Sudan Government Speaks Out Against Remaining On U.S. Terrorism List

Posted by Mark Hackett on June 10th, 2016

The Sudanese Ministry for Foreign Affairs expressed on Sunday, June 5 its “strongest regret” that Sudan remains on the list of “State Sponsors of Terrorism” in the annual US State Department’s Country Reports on Terrorism 2015.

Sudan has been on this list since 1993, when the Bashir regime turned Sudan into safe haven and training hub for international terrorist groups, such as al-Qaeda. Osama bin Laden was provided safe haven in Sudan for five years until he was expelled by the Sudanese government in 1996.

In a statement via the official Sudanese News Agency (SUNA), the Ministry of Foreign Affairs stated: “the government of the Sudan is well aware of its commitment towards combating fundamentalism in all its forms and shapes regionally and internationally”.

The Ministry of Foreign Affairs also stated that Sudan will continue with its effort and cooperation with the international community in combating fundamentalism and terrorism.

Being designated by the U.S. State Department as a state sponsor of terrorism comes with severe penalties. A wide range of sanctions are imposed as a result of a State Sponsor of Terrorism designation, including:

  • A ban on arms-related exports and sales;
  • Controls over exports of dual-use items, requiring 30-day Congressional notification for goods or services that could significantly enhance the terrorist-list country’s military capability or ability to support terrorism;
  • Prohibitions on economic assistance; and
  • Imposition of miscellaneous financial and other restrictions. 

It's no wonder then that the Bashir regime has been trying to get off of the terrorism list for years now. Being removed from the list would open up the possibility of having severe U.S. sanctions against Sudan rescinded.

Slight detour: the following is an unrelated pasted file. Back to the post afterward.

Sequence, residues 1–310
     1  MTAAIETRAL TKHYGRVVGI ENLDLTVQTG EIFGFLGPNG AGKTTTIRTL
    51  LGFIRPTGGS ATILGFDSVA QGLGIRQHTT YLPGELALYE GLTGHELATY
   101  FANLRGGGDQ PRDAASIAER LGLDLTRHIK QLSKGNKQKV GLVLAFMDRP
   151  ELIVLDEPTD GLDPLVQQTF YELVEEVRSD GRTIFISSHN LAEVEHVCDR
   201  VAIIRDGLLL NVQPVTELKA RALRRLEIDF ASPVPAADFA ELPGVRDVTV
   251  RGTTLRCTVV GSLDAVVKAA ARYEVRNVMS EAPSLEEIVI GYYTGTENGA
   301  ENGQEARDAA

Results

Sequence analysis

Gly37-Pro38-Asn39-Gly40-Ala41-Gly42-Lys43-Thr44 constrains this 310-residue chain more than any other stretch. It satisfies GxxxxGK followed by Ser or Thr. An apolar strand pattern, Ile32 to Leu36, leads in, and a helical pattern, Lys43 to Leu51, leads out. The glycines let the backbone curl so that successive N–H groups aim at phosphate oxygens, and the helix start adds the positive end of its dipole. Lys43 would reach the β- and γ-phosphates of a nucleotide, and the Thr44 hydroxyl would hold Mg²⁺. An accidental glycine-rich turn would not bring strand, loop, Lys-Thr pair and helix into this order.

On paper, it appears that the government of Sudan is actively cooperating with the international community, including the United States, on a number of issues revolving around terrorism. Sudan is a member of the Partnership for Regional East Africa Counterterrorism (PREACT), a U.S.-funded and -implemented multi-year, multi-faceted program designed to build counterterrorism capacity and cooperation of military, law enforcement, and civilian actors across East Africa to counter terrorism. Additionally and over the past several years, some U.S. government officials have noted that Sudan has actively assisted the United States in the global fight to curb terrorist activity. 

The Bashir regime has actively campaigned for its removal from the U.S. State Department's terrorism list for years now with virtually no progress. And there's a number of good reasons why no progress has been made, most notably that the government of Sudan still actively supports international, regional, and domestic terrorist groups. While Sudan's connection to Osama bin-Laden's al-Qaeda in the 1990s is perhaps the best known case of a terrorism connection with Sudan, the Bashir regime's support of terrorist activities runs far deeper and longer to the present day.

The most damning piece of evidence proving the Bashir regime remains a major supporter of international terrorist organizations came in 2014, when top secret government documents were leaked to a prominent Sudan researcher. The documents were detailed minutes of a meeting on August 31, 2014 of top security and military officers in which they discuss arming rebels in South Sudan in violation of a major peace agreement, supporting armed jihadists across Africa and the Middle East, and destroying crops in South Kordofan state as part of its genocidal strategy to destroy the Nuba people.

The leaked meeting minutes contained a number of concerning items about how the government of Sudan plans to commit mass murder domestically and get away with terrorist activity abroad. Perhaps most concerning is this particular quote